IAVA Daily News Brief 11.15.12
Posted by Jacob Worrell on November 15
Here are some of today's top stories and happenings that IAVA is tracking. Prefer to receive real-time updates about major stories and legislation that IAVA is tracking? Follow us on Twitter @IAVA and click here to get the News Brief delivered to your inbox every morning.
Liz Smith writes about IAVA’s sixth-annual gala Tuesday night that welcomed veteran supporters such as Roger Waters, Joan Ganz Cooney, Pete Peterson and Cpl. Aaron Mankin, among many others. NBCNews’ Brian Williams, emcee for the event, spoke about veterans leading the way with helping areas destroyed by Hurricane Sandy while keeping veterans issues at the forefront during the night. Check out other videos from the Gala here!
USA Today reports on the devastating injuries many troops experience in Afghanistan while on foot patrols, sometimes dealing with triple or quadruple amputations. The wave of blast-devastated casualties has left military medicine grasping for better ways to treat what doctors say are the worst casualties they have seen in 11 long years of fighting two wars. While on the forefront, the military is ramping up medical resources to counter this wrenching pattern of wounds in the waning months of this war, such as increasing the number of medevac helicopters. Check out graphics of troop injury statistics.
Two Harvard Business school graduates and veterans, Aaron Kletzing and Yinon Weiss, have created a new social network for service members called RallyPoint. The network is similar to LinkedIn, helping military personnel and veterans stay connected and network for jobs after they leave the military. Look up the RallyPoint here.
- Reuters reports security negotiations began between the United States and Afghanistan that will eventually define how many American troops stay in the country after most NATO combat forces leave at the end of 2014, and the scope of their mission. Thursday’s meeting is about the legal basis for U.S. soldiers to work in the country after 2014.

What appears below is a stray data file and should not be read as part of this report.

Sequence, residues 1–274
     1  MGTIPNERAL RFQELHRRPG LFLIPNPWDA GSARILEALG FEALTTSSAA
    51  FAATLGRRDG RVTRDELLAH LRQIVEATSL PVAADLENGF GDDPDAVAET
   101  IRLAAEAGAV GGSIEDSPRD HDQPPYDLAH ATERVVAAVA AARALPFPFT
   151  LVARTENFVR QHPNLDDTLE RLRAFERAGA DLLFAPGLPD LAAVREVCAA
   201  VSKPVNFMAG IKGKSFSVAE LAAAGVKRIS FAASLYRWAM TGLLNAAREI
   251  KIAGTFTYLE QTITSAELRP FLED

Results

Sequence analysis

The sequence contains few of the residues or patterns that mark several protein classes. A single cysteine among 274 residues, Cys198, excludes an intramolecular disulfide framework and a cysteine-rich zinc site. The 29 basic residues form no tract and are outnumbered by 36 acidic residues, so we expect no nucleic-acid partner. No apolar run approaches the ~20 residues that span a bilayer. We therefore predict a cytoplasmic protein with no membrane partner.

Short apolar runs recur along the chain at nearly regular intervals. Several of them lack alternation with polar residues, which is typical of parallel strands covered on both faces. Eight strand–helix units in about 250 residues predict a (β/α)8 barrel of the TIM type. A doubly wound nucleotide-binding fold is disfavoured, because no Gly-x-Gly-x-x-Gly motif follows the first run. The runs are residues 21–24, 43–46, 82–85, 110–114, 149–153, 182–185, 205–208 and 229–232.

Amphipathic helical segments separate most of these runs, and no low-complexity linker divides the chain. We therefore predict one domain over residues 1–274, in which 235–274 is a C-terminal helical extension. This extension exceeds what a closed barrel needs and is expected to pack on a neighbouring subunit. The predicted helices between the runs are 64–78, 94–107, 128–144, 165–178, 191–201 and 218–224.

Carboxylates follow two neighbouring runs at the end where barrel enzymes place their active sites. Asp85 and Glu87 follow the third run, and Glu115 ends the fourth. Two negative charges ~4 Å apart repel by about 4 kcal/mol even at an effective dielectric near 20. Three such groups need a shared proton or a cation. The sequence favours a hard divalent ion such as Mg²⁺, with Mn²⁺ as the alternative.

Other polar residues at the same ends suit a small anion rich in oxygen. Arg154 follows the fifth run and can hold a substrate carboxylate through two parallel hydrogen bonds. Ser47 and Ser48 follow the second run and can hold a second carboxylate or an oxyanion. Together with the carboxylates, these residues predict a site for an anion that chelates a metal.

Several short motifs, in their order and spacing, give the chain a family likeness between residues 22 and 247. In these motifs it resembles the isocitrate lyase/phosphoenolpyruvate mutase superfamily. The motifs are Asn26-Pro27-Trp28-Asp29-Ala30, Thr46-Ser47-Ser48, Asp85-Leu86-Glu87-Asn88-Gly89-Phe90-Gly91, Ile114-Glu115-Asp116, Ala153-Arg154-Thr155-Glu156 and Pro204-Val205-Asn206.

- A series of attacks across several provinces in Iraq yesterday left 20 people killed and wounding more than 100. The New York Times reports some of the some of the worst violence was in the north. It is not clear whether the attacks were coordinated.
- At least five current and former U.S. generals at the rank of one-star or higher have been reprimanded or investigated for possible misconduct in the past two weeks.
- Gen. Edward Rice, commander of Air Education and Training Command, said the Air Force is instituting 45 policy changes recommended by Maj. Gen. Margaret Woodward, who investigated Air Force training in the wake of the Lackland scandal.
- Military doctors are fighting to defeat a fungal infection that has killed a handful of direly wounded troops in Afghanistan and infected scores of others, often requiring that more of their limbs be cut away to get above diseased areas.
THE NEW GREATEST GENERATION
- StoryCorps’ has launched the Military Voices Initiative (MVI), which will honor the stories of Iraq and Afghanistan veterans, service members, and their families. Listen to the first MVI broadcast here.
- Business Insider interviews different veterans participating in the New York City Veterans Day Parade why they served and what it was like to return to the States.
- Check out some photos of the New York City Veterans Day Parade here.
- Government retraining and readjustment programs help, but much has been left to the private sector, especially in the area of information technology, a skill set common to many ex-military personnel.
- Former CIA director David Petraeus is set to testify about the Sept. 11 attacks in Benghazi, Libya on Friday. The hearing is closed for the public.
- In a memo to Gen. Martin Dempsey, chairman of the Joint Chiefs of Staff, Secretary of Defense Leon Panetta asked Dempsey to review ethics training and to brainstorm on ways to steer officers away from trouble.
A wide-range of views, positions, and publications are represented in these articles. These views, positions and publications are not endorsed by nor do they necessarily represent the views of IAVA.
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